Artifacting is an error that can occur in a computer’s graphics processing unit (GPU). When artifacting occurs, visual artifacts (distortions or anomalies) appear in the output of the GPU. Artifacts can be caused by a number of things, including hardware or software defects, overheating, or simply running the GPU at too high of a speed.
Let’s understand everything in this tech guide step by step.
What is Artifact or Artifacting?
In simple words, artifacting is an anomaly that occurs when the video signal from a computer or video game system is corrupted. Artifacts can be caused by a number of things, including hardware defects, software bugs, or simply interference from external sources.
In natural science and signal processing, an artifact or artefact is any error in the perception or representation of any information introduced by the involved equipment or technique.Wikipedia
It occurs when something appears in a digital image that wasn’t originally there. This can be caused by a number of things, including a malfunctioning camera sensor or bad compression of the image file. Artifacts can also be caused by viewing an image on a screen that is not calibrated properly.
Artifacting in GPU
Artifacts in GPUs’ are visual distortions that appear in games or other applications due to errors in the graphics processing unit (GPU).
Artifacts can take many different forms, but the most common is “screen tearing,” where the image on the screen appears to be split into two or more separate pieces. Other common artifacts include “flickering,” “snow,” and “static.”
Causes and fixes of artifacting in GPU
GPU artifacting can be caused by a variety of things, including overheating, driver issues, and hardware defects.
In simple words, overheating generally occurs when the GPU is running too hot and is thermally throttling.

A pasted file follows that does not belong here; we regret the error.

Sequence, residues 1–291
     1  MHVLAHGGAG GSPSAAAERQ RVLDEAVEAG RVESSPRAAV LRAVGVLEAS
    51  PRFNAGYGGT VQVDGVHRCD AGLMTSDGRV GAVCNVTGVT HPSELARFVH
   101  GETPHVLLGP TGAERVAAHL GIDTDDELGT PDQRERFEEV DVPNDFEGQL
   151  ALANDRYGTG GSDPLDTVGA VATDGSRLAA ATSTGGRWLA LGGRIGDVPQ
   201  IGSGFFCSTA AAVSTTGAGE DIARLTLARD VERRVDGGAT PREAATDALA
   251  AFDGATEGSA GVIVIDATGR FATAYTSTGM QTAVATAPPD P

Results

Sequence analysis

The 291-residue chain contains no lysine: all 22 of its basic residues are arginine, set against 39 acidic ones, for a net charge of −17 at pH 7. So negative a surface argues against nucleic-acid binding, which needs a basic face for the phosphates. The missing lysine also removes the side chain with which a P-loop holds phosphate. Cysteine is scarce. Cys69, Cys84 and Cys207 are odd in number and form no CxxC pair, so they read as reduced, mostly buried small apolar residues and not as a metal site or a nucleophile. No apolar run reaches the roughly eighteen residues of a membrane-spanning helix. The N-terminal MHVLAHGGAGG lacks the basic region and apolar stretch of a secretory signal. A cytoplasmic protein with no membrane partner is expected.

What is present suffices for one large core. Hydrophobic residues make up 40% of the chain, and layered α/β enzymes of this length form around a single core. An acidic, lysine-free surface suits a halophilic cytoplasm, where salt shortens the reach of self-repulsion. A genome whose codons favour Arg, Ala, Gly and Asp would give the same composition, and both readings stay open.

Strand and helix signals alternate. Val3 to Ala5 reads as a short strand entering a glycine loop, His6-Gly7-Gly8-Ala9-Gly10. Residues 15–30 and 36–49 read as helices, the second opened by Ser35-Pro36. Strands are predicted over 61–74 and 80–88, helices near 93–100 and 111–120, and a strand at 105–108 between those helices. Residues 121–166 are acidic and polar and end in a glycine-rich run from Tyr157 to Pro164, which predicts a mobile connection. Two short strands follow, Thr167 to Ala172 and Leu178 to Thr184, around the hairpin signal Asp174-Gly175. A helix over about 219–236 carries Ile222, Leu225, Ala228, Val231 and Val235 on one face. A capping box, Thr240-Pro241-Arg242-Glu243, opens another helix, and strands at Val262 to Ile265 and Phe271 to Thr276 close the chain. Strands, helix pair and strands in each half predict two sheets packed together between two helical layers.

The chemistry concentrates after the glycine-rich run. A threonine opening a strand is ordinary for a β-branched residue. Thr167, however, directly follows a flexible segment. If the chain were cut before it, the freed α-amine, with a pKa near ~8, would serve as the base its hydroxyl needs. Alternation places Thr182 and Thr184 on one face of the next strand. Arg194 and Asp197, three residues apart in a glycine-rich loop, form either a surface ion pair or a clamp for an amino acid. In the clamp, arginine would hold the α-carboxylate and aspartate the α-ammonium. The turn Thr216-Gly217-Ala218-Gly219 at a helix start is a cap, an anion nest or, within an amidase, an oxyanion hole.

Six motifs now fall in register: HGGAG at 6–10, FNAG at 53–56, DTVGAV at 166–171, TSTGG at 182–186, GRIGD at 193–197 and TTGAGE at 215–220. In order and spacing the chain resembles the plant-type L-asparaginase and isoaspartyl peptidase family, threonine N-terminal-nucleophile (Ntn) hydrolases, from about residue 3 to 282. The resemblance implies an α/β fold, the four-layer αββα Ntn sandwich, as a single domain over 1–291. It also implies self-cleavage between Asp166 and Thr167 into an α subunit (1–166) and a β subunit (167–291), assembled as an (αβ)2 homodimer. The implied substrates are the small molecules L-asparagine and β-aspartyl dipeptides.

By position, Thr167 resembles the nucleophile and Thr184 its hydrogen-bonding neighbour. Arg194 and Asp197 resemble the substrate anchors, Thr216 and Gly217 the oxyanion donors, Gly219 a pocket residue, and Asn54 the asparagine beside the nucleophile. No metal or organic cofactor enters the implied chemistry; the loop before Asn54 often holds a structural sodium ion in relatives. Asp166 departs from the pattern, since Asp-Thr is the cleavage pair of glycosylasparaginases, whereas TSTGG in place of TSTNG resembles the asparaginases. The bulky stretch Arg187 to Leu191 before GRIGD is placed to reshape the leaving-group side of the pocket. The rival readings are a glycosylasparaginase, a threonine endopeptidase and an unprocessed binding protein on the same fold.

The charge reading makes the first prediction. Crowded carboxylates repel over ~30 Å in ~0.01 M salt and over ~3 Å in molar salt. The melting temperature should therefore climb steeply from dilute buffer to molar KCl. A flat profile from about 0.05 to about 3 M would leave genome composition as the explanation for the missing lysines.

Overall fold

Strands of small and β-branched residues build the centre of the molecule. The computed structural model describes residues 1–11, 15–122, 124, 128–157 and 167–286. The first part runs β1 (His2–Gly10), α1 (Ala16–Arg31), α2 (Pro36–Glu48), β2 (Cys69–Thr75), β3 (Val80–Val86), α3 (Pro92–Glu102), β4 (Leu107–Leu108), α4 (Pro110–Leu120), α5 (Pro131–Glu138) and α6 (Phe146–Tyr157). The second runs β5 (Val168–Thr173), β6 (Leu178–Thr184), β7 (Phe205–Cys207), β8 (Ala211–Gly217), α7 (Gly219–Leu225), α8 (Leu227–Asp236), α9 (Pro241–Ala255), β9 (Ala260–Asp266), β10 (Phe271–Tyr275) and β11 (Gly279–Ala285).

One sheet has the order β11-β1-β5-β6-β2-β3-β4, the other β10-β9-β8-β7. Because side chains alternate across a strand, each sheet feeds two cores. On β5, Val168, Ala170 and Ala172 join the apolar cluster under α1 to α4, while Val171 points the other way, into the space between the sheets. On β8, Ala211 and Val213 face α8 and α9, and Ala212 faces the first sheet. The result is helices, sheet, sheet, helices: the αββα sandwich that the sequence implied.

- The first reason could be that your case airflow is poor and not providing enough cooling for your GPU.
- The second reason could be that your GPU is overclocked and running at a higher than normal voltage, which can cause it to run hotter than usual.
- The third reason could be that your GPU is simply defective and running at a higher than normal temperature.
If you suspect that your GPU is thermally throttling or overheating, you can try increasing your case airflow or lowering your GPU clock speed to control the overheating. Overheating is the most common cause of artifacts, and can usually be fixed by increasing the cooling of the GPU.
2. Not enough power
The GPU is not getting enough power and is being undervolted. This problem is most likely to be caused by power supply. When power supply doesn’t provide enough current to support the overall hardware of the system.
- It can be due to the old power supply on a new system.
- Or you have upgraded your graphics card (GPU) but it cannot supply enough power.
- Sometimes, GPU’s have manufacturing defect(s).
The first thing to try is to increase the power supply to the GPU or try replacing it with a new one. If that does not solve the problem, then the GPU may be faulty and need to be replaced.
3. Faulty GPU
There is no single answer to this question as the cause of the problem could be any number of things.
The first step would be to narrow down the problem by testing the GPU in another system to see if the issue persists. If it does, then the GPU is most likely the culprit and will need to be replaced.
If the problem does not persist, then it is likely that something else in the system is causing the issue, such as a faulty motherboard or power supply.
4. Driver issues
Sometimes, drivers can also cause artifacts and this probably the most easiest problem to solve in this whole GPU artifacts issue.
On Windows, you can simply update your Windows by going into settings > update > select check updates. If there are any updates, click on update and then on install. Lastly, restart your computer and test if this fix the problem.
If the problem is still not fixed, then download the latest drivers from the GPU manufacturing website and update your PC with them.